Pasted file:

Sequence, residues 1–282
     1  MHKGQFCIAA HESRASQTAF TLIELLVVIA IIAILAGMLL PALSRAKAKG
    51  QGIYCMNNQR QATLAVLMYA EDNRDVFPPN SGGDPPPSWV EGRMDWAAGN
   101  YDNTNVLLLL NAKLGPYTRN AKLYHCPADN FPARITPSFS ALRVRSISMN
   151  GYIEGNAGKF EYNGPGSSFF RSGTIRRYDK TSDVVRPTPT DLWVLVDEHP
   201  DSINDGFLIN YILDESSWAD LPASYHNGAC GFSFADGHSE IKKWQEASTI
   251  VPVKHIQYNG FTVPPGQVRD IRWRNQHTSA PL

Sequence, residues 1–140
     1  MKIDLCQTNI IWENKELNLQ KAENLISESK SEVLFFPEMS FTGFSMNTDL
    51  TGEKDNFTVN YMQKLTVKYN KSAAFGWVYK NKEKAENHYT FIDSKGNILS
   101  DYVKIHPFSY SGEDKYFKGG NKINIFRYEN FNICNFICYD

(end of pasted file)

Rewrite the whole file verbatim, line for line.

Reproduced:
Sequence, residues 1–282
     1  MHKGQFCIAA HESRASQTAF TLIELLVVIA IIAILAGMLL PALSRAKAKG
    51  QGIYCMNNQR QATLAVLMYA EDNRDVFPPN SGGDPPPSWV EGRMDWAAGN
   101  YDNTNVLLLL NAKLGPYTRN AKLYHCPADN FPARITPSFS ALRVRSISMN
   151  GYIEGNAGKF EYNGPGSSFF RSGTIRRYDK TSDVVRPTPT DLWVLVDEHP
   201  DSINDGFLIN YILDESSWAD LPASYHNGAC GFSFADGHSE IKKWQEASTI
   251  VPVKHIQYNG FTVPPGQVRD IRWRNQHTSA PL

Sequence, residues 1–140
     1  MKIDLCQTNI IWENKELNLQ KAENLISESK SEVLFFPEMS FTGFSMNTDL
    51  TGEKDNFTVN YMQKLTVKYN KSAAFGWVYK NKEKAENHYT FIDSKGNILS
   101  DYVKIHPFSY SGEDKYFKGG NKINIFRYEN FNICNFICYD